Killer whale born at SeaWorld California is strong and healthy
SeaWorld San Diego welcomed the birth of a baby killer whale on 2nd December. Weighing in at approximately 300 pounds, this is the park’s seventh successful killer whale birth. Kalia, 10, gave birth at Shamu Stadium under the watchful eyes of the SeaWorld’s zoological team members and her mother, Kasatka.
Kalia’s pregnancy and the birth of her calf not only demonstrate the ongoing success of the killer whale breeding program at the world’s leading zoological organisation, but also could be of tremendous assistance to researchers monitoring endangered wild killer whale populations.
The U.S. National Marine Fisheries Services has partnered with SeaWorld San Diego to conduct a two-year vertical (aerial) photographic monitoring study with the park’s killer whales in order to assess changes in body weight and pregnancy status over time – Kalia being one of the killer whales photographed during her 17-month gestation.
The study will allow researchers to use photogrammetric analysis to detect body changes within wild whales. The results from this study will be integrated into a database of longitudinal photographs of free-ranging killer whales from the North Pacific (Southern Resident population) and Antarctica in order to identify pregnant whales and declining body conditions (weight loss) for these species. Data on body condition and growth can provide important indications of individual health and population status, and specifically can indicate a response to the effects of nutritional stress due to limited food availability.
Data on pregnancy status can provide accurate calf survival rate for free-ranging killer whales for the first time. This study will directly address data gaps identified by the National Marine Fisheries Service in the Southern Resident killer whale recovery plan. The Southern Resident killer whales in the Pacific Northwest is an endangered population.
"We’re pleased that our killer whale family is able to advance the science and conservation of killer whales in the wild,” said Dr. Judy St. Leger, SeaWorld’s vice president of research and science. “Having the ability the photograph Kalia during her length of her pregnancy in a safe and controlled environment gives us information that we couldn’t obtain any other way.”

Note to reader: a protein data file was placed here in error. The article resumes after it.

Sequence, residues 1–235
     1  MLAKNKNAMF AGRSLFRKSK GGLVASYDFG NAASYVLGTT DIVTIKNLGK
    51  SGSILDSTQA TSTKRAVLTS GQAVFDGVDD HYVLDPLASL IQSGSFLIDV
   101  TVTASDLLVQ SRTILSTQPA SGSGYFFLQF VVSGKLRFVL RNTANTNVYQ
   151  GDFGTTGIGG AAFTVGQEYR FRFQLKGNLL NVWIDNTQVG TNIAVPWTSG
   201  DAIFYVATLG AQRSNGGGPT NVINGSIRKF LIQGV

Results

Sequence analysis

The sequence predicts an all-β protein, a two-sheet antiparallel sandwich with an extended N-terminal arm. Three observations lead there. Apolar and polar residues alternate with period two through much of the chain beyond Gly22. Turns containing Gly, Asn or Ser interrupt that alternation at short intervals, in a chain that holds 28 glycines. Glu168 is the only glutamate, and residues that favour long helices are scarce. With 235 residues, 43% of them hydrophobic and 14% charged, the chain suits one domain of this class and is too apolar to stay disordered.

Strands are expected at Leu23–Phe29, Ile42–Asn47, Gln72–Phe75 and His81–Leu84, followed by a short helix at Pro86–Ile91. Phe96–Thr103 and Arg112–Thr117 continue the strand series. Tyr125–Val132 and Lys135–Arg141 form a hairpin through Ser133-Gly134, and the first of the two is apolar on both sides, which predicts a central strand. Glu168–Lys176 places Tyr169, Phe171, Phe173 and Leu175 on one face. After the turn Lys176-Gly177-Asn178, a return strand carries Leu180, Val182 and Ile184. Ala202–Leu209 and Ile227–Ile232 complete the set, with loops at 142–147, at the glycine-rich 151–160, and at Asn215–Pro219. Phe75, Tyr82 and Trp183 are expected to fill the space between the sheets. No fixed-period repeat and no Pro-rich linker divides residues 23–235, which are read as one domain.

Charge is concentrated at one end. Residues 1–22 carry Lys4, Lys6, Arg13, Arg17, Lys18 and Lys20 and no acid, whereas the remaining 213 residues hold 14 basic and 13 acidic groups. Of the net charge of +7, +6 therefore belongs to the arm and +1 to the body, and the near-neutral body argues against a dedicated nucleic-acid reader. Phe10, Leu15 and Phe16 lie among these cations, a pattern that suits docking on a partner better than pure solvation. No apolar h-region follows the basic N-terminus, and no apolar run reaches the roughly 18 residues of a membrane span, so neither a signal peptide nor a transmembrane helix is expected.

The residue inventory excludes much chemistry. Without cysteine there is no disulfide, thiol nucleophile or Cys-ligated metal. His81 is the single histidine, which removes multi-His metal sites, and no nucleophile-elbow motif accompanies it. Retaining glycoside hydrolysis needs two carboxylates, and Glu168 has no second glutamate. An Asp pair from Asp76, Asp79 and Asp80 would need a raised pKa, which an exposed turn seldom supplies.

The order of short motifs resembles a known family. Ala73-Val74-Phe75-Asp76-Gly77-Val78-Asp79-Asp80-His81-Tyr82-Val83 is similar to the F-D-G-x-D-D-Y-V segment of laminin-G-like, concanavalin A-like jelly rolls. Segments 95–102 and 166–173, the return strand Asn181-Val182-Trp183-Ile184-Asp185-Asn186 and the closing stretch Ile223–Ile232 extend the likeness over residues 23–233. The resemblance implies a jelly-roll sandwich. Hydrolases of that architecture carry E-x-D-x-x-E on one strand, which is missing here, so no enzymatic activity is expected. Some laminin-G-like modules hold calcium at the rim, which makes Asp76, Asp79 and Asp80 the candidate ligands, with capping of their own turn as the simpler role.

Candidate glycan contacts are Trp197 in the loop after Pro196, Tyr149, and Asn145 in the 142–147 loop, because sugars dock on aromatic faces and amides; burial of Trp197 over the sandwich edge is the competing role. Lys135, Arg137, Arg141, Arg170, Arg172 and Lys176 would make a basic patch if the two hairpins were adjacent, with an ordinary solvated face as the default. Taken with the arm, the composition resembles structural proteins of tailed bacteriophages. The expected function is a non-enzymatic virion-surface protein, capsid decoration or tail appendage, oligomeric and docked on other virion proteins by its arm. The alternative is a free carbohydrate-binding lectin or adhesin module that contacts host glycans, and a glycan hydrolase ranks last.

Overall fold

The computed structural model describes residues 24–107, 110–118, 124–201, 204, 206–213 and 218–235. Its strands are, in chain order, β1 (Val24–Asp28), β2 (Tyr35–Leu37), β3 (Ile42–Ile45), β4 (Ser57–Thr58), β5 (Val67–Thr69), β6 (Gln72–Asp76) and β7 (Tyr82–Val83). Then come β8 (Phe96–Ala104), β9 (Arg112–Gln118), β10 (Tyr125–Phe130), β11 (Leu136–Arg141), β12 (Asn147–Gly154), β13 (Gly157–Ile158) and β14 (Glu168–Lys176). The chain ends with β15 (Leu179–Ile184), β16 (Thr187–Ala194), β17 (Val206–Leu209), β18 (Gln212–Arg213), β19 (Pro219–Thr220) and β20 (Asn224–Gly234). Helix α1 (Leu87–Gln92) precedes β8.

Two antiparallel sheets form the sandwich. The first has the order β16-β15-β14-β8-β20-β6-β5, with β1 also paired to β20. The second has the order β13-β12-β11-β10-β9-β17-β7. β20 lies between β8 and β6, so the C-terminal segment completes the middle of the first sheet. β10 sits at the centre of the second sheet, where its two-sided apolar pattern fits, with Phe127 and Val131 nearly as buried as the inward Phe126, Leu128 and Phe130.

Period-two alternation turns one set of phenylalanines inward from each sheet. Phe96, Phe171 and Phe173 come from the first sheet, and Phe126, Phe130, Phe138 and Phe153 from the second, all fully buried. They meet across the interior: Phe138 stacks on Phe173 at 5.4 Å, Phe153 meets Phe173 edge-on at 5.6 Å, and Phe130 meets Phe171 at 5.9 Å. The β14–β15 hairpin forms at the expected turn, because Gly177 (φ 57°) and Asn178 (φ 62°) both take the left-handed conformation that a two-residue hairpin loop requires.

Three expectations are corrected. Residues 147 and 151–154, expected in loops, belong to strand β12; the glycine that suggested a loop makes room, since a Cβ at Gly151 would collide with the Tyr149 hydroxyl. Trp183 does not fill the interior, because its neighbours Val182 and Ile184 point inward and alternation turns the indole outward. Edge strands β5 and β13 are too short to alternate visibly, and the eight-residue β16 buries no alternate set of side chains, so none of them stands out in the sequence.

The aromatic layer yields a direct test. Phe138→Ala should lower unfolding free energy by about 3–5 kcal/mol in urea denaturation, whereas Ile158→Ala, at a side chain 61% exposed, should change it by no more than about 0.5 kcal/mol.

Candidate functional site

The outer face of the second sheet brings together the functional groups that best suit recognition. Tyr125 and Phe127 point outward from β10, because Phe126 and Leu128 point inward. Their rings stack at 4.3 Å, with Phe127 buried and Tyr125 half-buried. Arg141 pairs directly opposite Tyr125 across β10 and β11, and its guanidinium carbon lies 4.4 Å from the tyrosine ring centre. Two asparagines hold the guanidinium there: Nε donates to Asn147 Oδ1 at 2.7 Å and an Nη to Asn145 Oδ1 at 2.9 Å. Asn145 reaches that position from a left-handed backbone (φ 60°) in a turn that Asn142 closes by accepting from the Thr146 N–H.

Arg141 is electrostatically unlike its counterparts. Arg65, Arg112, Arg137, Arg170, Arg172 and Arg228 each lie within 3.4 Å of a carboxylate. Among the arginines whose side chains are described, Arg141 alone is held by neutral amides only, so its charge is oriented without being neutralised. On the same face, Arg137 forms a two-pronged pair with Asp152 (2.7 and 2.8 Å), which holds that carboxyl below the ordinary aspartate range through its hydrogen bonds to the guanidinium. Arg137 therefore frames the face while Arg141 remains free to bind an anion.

The data gained from the study at SeaWorld San Diego will ultimately be used for interpreting aerial photographs taken during field research of the Northern Resident killer whale population off the coast of British Columbia, Canada. This is the study being conducted by the Vancouver Aquarium and
National Marine Fisheries Service with the funding in part provided by the SeaWorld & Busch Gardens Conservation Fund.
SeaWorld has committed $10 million towards research to focus on threats to killer whales in the wild, especially those identified by the National Oceanic and Atmospheric Administration related to the endangered Southern Resident Killer Whale. The matching funds will be in addition to killer whale research conducted by SeaWorld’s scientists, which includes 50 studies to date.
SeaWorld’s successful development of its population of killer whales allows the park to manage a healthy population of animals, while keeping young calves with their mothers and respecting the whales’ social structure.
SeaWorld’s breeding program is carried out according to internationally recognized zoological standards applicable to breeding programs. SeaWorld is a member of the World Association of Zoos and Aquariums, the Association of Zoos and Aquariums and the Alliance of Marine Mammal Parks and Aquariums.
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